The Vietnam War was a military conflict fought primarily in Southern Vietnam in the years between 1959 and 1975. It was the source of many conflicting political and social opinions, especially in the years leading up to its conclusion. Militarily speaking, the war was the result of North Vietnam and the Vietcong attempting to overthrow the South Vietnamese government.
The conflict was a continuation of the first Indochina war, which was fought when the Vietnamese sought independence from France after World War II. The country was split into two parts — northern and southern — in the Geneva Accords in 1954. In the Vietnam War, The Democratic Republic of North Vietnam and its allies, the Soviet Union and the People’s Republic of China, fought against South Vietnam, whose allies would include the United States, Australia, South Korea, and New Zealand.
The United States' involvement in Vietnam began on 1 November 1955, when President Eisenhower deployed the Military Assistance Advisory Group to South Vietnam to help train the Southern Vietnamese army. In 1956, when elections that were to be held in Vietnam in accordance with the Geneva Conference failed to occur, the tension mounted considerably. December 1958 marked North Vietnam’s first invasion into Laos. Though there were already Americans present in the Vietnam conflict, it was not until 1962 when President Kennedy signed the Foreign Assistance Act of 1962, which granted military aid to countries that were "on the rim of the Communist world and under direct attack."
The Vietcong had their first victory of the Vietnam War at the battle of Ap Bac in January 1963, which was followed by the overthrow of Ngo Dinh Diem and an increasingly less stable South Vietnam. In 1964, President Lyndon Johnson appointed William Westmoreland as commander of the US Army in Vietnam. Military troops rose in strength from approximately 16,000 to over 21,000 and were anticipated to climb to over 500,000 in number. The increased number of troops was considered to be a direct response to a reported attack on US ships by the North Vietnamese in the Gulf of Tonkin.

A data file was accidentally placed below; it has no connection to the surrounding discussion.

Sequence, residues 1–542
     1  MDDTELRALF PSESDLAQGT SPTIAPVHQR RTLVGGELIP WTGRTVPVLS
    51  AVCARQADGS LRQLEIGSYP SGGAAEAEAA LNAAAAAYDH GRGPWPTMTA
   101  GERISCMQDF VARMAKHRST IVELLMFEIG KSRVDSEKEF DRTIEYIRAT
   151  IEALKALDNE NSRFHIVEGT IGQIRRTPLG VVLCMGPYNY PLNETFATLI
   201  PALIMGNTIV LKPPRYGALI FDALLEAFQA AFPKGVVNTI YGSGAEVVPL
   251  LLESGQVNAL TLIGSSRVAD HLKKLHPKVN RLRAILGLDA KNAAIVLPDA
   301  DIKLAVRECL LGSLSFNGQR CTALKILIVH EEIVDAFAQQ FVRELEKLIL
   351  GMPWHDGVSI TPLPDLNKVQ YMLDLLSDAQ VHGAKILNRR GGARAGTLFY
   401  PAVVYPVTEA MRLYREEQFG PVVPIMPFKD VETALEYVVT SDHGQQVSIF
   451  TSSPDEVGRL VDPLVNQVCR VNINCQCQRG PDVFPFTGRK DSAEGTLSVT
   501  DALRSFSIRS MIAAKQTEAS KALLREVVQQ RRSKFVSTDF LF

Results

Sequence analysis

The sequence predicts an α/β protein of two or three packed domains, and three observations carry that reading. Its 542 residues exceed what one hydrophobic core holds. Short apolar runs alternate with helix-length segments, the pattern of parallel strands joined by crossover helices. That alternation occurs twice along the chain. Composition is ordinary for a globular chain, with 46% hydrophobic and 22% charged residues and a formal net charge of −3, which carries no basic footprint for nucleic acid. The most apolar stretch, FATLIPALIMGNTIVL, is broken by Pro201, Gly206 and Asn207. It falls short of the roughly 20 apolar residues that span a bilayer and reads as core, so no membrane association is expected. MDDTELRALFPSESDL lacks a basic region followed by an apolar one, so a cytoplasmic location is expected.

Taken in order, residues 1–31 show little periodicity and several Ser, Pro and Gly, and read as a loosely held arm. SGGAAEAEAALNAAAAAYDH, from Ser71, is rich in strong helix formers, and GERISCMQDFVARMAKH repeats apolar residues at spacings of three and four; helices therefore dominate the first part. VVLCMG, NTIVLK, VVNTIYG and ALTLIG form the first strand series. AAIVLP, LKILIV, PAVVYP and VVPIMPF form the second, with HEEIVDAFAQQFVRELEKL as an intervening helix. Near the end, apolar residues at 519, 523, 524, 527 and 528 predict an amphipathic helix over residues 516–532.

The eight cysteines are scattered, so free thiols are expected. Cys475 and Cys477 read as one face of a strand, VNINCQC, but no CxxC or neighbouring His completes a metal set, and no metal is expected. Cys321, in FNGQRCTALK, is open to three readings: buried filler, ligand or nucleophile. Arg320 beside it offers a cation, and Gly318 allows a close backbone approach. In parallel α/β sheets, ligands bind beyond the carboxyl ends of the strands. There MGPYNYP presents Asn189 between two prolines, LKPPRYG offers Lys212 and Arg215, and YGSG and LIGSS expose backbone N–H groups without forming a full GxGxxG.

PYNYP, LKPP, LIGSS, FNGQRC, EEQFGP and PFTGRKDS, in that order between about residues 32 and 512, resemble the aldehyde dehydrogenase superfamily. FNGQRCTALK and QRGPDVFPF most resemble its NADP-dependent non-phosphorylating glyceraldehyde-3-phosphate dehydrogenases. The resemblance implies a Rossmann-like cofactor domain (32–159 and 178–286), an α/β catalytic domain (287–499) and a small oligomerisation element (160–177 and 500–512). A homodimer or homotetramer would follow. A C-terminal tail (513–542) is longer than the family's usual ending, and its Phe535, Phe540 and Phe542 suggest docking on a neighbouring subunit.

By the end of 1965, US troops had reached 184,000 in number, and the first major ground battle involving the US military had occurred under Operation Starlite. As anticipated, by the end of 1966, troop numbers were approaching 0.5 million in number, which would climb slightly higher before the war’s end. The number of lives claimed by the war exceeded 1 million and is believed to be as high as 4 million. The conflict came to an official end after the fall of Saigon on 30 April 1975, when the South Vietnam capital was captured by the Vietnam People’s Army. Today, 30 April is a public holiday observed in Vietnam as Reunification Day.